QueensLand bushfires: Thousands of Australians asked to evacuate their homes as deadly bushfire threatens properties and lives

Eight thousand residents of Gracemere in central Queensland have been urged to leave as a sudden wildfire bears down on homes in catastrophic fire conditions.

A large fire sparked shortly before 3pm on Wednesday has raced towards Gracemere, prompting authorities to issue a complete evacuation of the community just south of Rockhampton.

Emergency services are now racing to get people out. Police said at 4.40pm AEST the fire front was expected to reach Gracemere “in the coming hours”.


Some locals who had wanted to stay to defend their properties have also begun preparing to leave after advice from firefighters that the fire had become too dangerous. The conditions are rated as potentially “catastrophic” – a combination of fierce, gusting winds, low humidity and record high temperatures.

The state has closed 34 schools and warned parents to come and collect their kids and stay out of danger as firefighters battle 138 fires.

It follows the raising of the state’s fire danger warning to “catastrophic” – the highest level – for the first time.


More than 130 bushfires are burning across Queensland, fuelled by strong winds, a heatwave and dry vegetation.

The worst threat is for a fast-moving bushfire near the town of Gracemere, said Premier Annastacia Palaszczuk.

“We have never, ever in this state been in this situation before,” she told reporters late on Wednesday.


“We have not had a catastrophic level. This is uncharted waters.”

Earlier, Brian Smith, Regional Manager for the Rural Fire Services Central Region, said experts in fire behaviour had predicted catastrophic conditions would unfold in the area north of Bundaberg on Wednesday afternoon.


“This is something we don’t want to overstate, but they’re comparing this to the conditions in the Waroona fires in Western Australia, which completely wiped out a town a few years ago, and also to the recent California fires,” he said.

The Bureau of Meteorology has warned records have fallen and more are expected to fall as the state swelters through the heatwave and bushfire crisis.

North Queensland has already hit maximum temperatures with Proserpine the hottest in the state so far at 42.9 degrees.


More than 1,000 people had left their homes near the Deepwater fire, south of Agnes Water on the state’s central coast, as of Wednesday morning.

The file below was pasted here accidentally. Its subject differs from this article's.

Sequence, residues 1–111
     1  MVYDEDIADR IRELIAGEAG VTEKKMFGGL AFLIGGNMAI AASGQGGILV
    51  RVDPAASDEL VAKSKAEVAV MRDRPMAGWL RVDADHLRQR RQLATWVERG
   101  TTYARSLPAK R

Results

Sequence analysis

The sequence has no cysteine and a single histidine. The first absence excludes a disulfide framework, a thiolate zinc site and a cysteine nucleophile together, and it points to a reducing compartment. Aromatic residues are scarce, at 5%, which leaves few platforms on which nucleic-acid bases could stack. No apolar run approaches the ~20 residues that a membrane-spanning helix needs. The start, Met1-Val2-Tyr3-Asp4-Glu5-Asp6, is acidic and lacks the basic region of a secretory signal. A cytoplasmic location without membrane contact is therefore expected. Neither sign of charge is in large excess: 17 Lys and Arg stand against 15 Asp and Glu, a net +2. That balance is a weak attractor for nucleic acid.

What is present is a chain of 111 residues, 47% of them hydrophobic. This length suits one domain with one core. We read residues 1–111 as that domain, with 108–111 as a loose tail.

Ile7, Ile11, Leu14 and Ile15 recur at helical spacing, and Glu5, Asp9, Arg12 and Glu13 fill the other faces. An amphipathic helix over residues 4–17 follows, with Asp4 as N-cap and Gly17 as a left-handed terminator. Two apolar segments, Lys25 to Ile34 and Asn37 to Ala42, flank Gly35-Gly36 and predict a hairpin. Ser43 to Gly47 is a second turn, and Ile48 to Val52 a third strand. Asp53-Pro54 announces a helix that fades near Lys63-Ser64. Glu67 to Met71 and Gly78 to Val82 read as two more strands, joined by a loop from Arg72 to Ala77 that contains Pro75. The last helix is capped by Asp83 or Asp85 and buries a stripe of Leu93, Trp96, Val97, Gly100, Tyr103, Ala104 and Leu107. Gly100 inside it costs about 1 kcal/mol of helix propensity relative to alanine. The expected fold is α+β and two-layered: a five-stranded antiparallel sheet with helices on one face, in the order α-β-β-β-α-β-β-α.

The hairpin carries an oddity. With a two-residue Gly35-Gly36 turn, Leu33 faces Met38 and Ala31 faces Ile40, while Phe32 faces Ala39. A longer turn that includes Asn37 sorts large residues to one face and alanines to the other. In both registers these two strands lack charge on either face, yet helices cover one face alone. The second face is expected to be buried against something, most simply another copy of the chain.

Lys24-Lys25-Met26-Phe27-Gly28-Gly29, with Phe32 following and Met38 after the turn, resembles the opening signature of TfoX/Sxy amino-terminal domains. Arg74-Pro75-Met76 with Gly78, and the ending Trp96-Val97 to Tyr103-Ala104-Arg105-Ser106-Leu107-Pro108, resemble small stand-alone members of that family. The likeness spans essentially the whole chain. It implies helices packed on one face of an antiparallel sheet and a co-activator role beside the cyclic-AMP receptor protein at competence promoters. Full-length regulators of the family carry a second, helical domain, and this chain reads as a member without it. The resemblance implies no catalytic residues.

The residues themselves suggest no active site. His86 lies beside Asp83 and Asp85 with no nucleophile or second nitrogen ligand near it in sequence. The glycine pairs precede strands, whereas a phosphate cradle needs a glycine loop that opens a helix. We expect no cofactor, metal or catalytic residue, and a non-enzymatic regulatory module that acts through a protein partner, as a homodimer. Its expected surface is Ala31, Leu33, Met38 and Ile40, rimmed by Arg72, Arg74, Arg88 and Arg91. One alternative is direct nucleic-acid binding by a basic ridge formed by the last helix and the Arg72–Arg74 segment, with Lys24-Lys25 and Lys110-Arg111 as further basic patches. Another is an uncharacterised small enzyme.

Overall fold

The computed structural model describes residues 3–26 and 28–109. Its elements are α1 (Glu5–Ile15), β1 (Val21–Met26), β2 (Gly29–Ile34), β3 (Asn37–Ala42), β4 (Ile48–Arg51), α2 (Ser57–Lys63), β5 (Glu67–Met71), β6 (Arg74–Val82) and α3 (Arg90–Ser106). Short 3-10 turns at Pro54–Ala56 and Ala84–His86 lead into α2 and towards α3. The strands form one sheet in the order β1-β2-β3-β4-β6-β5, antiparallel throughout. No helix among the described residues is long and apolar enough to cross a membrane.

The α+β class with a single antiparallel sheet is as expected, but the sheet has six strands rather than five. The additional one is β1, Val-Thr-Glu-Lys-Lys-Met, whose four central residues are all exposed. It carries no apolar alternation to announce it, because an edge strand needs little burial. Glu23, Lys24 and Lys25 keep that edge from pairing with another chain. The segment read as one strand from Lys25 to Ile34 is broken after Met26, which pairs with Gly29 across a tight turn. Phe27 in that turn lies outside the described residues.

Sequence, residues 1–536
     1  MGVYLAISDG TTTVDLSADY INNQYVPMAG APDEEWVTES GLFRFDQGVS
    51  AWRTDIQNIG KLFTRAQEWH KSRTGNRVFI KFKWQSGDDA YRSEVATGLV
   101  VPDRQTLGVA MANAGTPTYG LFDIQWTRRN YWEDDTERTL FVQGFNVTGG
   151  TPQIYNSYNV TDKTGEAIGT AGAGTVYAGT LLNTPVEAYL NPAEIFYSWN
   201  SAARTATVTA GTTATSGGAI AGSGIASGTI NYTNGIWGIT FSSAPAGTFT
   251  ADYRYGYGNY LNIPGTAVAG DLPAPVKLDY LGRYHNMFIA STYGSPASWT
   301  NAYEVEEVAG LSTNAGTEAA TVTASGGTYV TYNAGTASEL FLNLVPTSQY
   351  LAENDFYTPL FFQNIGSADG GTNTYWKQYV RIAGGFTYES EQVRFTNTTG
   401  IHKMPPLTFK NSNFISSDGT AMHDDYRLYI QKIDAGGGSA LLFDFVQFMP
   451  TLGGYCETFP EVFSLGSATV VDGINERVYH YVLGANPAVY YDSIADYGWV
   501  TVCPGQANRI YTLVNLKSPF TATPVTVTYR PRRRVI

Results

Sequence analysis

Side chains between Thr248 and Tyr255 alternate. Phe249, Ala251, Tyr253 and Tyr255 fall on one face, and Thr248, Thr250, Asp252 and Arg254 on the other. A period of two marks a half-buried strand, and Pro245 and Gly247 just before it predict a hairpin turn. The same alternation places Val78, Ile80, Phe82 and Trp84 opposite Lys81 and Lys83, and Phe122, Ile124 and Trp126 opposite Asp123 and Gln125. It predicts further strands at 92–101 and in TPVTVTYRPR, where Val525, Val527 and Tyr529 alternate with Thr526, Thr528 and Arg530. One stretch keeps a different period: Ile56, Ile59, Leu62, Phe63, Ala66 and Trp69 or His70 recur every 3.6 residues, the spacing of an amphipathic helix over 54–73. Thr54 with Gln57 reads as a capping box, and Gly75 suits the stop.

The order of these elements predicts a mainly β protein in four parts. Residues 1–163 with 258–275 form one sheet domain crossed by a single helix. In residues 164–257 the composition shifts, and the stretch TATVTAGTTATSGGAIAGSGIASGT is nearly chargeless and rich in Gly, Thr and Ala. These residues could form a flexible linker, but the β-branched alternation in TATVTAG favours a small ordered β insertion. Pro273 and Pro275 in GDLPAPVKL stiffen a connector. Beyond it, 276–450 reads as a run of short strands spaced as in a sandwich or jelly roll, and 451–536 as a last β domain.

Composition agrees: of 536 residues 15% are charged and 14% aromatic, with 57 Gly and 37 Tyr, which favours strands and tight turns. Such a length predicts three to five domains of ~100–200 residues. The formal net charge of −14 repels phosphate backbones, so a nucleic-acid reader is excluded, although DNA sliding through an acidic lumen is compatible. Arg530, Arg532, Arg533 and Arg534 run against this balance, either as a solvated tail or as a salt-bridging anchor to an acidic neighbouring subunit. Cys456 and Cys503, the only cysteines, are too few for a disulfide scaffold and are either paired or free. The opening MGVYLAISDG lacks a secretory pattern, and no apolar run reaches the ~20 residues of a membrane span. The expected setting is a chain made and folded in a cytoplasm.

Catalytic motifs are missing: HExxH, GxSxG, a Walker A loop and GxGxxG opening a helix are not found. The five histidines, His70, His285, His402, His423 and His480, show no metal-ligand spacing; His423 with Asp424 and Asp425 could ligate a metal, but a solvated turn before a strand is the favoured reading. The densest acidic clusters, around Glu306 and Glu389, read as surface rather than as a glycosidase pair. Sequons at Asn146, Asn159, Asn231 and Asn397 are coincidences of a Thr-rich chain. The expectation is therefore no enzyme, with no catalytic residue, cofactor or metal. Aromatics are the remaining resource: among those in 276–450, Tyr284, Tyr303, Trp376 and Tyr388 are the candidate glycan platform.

Residents in the path of another fast-moving intense Queensland bushfire were ordered to leave their homes near Gladstone on Wednesday afternoon.


Fire crews have been monitoring the blaze at Ambrose, west of Gladstone, as conditions steadily worsened throughout the day. Temperatures soared above 40 degrees and reported wind gusts were in excess of 50km/h.

The fire and emergency services minister, Craig Crawford, said on Wednesday morning that people not following evacuation orders were risking death by staying put.

Fierce westerly winds are sweeping inland Queensland bringing a cloud of dust and expected to impact the fire zone this afternoon creating “extremely dangerous” conditions.


The heatwave has prompted a warning from Queensland Health for people to stay hydrated as paramedics treat record numbers of patients affected by heat.

Dr Sonya Bennett said the combination of a record heatwave with smoke and dust was extremely dangerous.

“Heat can be a severe health risk, particularly the young, the elderly and people with chronic health conditions,” she said.


People have been urged to drink plenty of water to stay hydrated and limit outdoor or strenuous activities and to stay in a cool area if possible.

Heat stress symptoms include a rash, sweating, nausea vomiting, hot dry skin and fainting.

Anyone suffering any of those symptoms should seek medical attention.


More crews from South Australia were expected to arrive on Wednesday, and Palaszczuk indicated she may seek assistance from the army.

Meanwhile, thousands of heat-stressed bats were dropping from trees and creating a health hazard in far north Queensland, as a record-breaking heatwave blasted the region.

About 3,500 flying foxes were estimated to have perished since the furnace-like conditions began on Sunday, a Cairns regional council spokeswoman said on Wednesday.


Health authorities warned residents not to handle distressed flying foxes after a spike in bites and scratches. About 15% of bats carry the potentially deadly Australian bat lyssavirus.

Authorities ordered people in Gracemere and surrounding areas to evacuate immediately to the nearby city of Rockhampton.

Unlike in Australia’s drier south, intense fire conditions are unusual in central Queensland in late November because it is the wet season.




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